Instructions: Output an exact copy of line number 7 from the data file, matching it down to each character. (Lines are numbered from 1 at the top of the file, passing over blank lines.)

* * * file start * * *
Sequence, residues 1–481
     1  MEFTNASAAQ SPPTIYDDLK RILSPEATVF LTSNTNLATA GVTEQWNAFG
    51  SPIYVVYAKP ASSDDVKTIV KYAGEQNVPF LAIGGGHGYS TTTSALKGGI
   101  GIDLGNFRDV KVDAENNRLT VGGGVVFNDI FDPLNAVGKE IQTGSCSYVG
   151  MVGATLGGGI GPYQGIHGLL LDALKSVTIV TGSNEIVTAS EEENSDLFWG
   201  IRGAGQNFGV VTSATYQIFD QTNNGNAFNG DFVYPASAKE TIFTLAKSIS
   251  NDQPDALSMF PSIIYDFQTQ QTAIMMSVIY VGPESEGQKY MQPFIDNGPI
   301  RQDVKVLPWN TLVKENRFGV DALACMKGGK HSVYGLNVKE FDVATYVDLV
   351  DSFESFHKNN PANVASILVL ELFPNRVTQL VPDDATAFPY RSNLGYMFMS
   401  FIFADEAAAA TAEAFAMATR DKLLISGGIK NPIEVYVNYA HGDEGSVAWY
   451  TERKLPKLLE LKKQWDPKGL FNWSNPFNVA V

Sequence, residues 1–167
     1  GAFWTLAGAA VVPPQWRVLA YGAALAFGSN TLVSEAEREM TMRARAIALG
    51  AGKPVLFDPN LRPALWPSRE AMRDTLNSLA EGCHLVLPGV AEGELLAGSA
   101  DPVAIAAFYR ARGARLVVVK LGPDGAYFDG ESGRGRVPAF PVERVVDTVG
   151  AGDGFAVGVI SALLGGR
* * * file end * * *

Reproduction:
   251  NDQPDALSMF PSIIYDFQTQ QTAIMMSVIY VGPESEGQKY MQPFIDNGPI